The ground reeks of urine and burning rubbish. Sniffing glue is the center of this world. Shoeless children play happily in the scorched dirt, flicking marbles for money so they can eat, their tummies grumbling with hunger. This park bears no resemblance to that of my youth. Somewhere in the cloud of that disparity I quiver in fear—fear that change will never come to these children.

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Congoloses wrestlers | Photographer: Colin Delfosse

Congoloses wrestlers | Photographer: Colin Delfosse | PHOTOGRAPHERS | Scoop.it

Kinshasa, 2010. Eight million inhabitants, thousands of shegués (street children), hundreds of wrestlers and their brass bands. Edingwe, Dragon, City Train, Mbokotomo : the “legends” of Congolese wrestling invent themselves on a daily basis in the outskirts of Kinshasa. Body-building, and even black magic enthusiasts fight for glory in makeshift rings. They come from the streets and their charisma commands respect and admiration. But the heros of the ring are modest in victory : « Kobeta libanga papa mundele » [we manage, white man]. In the last hours of the day, when they have hung up their everyday “occupations”, they put on masks and wrestling kit ready to fight. The motorised parade of wrestlers attracts crowds from the dusty streets of Massina, Ngili and Matete, towns round the Congolese capital. In back yards, on the tables of the street cafés, or even in the street, the spell casters warm up over primus stoves and cannabis. The ring is hastily set up, the judge climbs onto the ropes. “Let the match begin!” The fight starts and is usually more or less fixed. Rounds follow one another until the final spell is cast, until the adversary is floored, until the next fight.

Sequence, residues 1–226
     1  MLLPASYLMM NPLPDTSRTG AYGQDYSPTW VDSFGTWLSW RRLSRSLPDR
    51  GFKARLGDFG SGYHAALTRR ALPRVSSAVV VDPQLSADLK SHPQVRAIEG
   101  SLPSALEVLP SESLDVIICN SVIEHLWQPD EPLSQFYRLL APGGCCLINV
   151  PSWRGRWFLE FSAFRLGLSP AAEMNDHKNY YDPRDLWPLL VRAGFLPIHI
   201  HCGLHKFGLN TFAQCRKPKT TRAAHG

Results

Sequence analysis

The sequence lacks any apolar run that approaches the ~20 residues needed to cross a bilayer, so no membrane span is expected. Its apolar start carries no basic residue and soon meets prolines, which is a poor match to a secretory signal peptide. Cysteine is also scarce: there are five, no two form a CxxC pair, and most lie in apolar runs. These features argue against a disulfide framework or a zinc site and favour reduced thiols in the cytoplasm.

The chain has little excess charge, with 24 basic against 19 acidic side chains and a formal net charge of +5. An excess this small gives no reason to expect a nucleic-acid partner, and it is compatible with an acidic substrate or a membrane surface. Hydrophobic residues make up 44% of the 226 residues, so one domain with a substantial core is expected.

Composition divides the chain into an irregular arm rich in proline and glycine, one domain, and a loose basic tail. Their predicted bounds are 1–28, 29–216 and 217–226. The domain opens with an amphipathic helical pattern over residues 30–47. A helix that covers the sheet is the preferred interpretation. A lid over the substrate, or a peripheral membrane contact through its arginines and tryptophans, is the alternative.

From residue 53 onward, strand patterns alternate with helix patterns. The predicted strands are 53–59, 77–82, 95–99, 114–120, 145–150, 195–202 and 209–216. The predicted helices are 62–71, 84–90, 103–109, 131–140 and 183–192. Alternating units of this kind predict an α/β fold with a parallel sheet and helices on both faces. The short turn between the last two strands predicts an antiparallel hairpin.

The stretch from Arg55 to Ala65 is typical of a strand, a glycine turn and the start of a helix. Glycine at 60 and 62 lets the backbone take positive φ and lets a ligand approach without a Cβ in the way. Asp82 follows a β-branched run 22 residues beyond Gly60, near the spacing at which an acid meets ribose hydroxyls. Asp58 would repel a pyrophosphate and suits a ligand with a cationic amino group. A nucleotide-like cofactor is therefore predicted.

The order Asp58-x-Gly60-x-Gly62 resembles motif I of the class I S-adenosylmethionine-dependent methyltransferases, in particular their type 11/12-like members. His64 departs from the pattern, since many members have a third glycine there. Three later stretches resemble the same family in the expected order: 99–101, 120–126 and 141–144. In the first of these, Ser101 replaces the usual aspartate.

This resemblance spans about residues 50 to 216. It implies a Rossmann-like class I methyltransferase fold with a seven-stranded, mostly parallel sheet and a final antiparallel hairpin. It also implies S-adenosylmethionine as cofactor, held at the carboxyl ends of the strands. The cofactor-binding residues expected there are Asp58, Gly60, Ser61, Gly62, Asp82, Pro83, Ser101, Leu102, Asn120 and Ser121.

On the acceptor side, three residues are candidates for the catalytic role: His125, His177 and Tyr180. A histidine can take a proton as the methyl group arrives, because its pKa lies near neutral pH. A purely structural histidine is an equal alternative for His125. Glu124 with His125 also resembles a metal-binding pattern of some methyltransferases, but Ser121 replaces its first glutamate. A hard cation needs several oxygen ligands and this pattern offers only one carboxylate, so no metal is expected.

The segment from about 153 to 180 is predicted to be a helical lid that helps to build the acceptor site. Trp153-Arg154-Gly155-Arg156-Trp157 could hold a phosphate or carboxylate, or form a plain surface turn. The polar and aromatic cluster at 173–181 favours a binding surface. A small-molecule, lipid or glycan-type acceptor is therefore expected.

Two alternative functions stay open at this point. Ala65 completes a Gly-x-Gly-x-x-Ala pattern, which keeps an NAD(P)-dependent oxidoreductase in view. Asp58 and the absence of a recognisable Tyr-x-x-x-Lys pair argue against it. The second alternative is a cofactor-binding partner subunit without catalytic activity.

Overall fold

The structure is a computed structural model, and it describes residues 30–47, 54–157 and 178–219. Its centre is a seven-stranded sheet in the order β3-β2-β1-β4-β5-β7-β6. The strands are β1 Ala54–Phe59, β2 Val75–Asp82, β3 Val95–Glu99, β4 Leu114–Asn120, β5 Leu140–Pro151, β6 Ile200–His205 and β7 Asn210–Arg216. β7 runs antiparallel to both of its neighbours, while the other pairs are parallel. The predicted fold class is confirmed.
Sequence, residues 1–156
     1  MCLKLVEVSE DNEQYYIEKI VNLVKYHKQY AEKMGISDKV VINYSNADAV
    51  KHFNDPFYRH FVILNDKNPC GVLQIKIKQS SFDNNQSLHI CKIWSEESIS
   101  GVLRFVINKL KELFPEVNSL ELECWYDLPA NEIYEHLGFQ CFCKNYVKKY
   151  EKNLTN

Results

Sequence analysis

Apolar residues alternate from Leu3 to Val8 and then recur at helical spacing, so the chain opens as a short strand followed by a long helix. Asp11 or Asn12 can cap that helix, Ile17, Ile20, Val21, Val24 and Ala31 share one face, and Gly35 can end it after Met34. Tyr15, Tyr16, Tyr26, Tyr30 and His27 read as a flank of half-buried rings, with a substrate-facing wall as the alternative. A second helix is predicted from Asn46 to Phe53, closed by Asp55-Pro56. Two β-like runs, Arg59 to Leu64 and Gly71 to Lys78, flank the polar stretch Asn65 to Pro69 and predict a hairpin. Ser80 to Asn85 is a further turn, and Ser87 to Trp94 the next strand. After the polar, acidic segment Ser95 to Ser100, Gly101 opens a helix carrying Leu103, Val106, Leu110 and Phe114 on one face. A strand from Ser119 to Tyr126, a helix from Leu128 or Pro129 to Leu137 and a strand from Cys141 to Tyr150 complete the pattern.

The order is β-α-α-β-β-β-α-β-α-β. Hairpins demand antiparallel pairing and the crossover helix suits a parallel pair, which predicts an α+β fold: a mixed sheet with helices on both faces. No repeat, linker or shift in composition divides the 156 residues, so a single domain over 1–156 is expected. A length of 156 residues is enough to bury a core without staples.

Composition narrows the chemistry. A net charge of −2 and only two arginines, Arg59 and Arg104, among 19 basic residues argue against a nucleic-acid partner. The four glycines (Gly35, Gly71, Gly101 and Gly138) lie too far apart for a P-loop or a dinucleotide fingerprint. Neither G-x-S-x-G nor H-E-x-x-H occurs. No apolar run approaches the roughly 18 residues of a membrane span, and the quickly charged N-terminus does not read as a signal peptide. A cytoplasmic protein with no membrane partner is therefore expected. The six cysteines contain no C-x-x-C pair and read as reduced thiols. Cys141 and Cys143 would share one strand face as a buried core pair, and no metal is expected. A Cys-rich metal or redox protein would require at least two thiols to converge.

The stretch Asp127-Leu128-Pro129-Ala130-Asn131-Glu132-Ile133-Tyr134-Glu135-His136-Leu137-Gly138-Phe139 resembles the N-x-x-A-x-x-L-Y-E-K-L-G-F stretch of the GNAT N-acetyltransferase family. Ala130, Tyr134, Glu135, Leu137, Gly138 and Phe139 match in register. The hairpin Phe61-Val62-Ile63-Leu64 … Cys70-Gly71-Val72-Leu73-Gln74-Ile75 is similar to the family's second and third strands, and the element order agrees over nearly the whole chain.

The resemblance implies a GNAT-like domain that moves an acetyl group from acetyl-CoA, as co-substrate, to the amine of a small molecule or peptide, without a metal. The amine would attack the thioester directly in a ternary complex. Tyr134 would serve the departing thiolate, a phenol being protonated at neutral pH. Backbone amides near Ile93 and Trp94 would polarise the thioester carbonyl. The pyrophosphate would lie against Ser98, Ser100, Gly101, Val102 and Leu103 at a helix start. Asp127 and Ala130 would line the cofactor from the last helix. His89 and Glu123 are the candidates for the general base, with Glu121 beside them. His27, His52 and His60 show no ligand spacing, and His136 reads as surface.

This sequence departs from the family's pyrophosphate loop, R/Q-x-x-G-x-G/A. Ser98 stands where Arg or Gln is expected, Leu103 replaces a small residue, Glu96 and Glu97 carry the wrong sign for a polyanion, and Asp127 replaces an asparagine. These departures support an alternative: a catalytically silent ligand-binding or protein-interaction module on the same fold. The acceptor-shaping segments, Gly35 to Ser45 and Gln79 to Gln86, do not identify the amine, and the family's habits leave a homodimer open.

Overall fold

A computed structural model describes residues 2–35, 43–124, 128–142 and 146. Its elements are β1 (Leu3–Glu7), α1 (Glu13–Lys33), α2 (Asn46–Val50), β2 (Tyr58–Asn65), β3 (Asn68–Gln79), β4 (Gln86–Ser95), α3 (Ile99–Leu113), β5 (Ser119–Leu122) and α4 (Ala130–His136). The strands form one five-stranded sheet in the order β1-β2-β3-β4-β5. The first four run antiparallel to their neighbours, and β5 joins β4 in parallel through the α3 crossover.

Graduated in journalism, Colin Delfosse turned to documentary photography in 2005, and became one of the founding members of the Out of Focus collective.

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Getting Ahead in Dharavi | Photographer : Adam Ferguson for NYTimes.com

Getting Ahead in Dharavi  | Photographer : Adam Ferguson for NYTimes.com | PHOTOGRAPHERS | Scoop.it
As many as a million people live and work in Dharavi, a sprawling slum in Mumbai, India.

 

MUMBAI, India — At the edge of India’s greatest slum, Shaikh Mobin’s decrepit shanty is cleaved like a wedding cake, four layers high and sliced down the middle. The missing half has been demolished. What remains appears ready for demolition, too, with temporary walls and a rickety corrugated roof.

 

Based in New Delhi from 2007 to 2011,  Adam Ferguson documented social tensions within the world's largest democracy and Pakistan as it grappled with poverty and political insecurity. During his time based in South Asia he embarked on his most in-depth photographic project; an exploration into the corners of the US led military occupation of Afghanistan.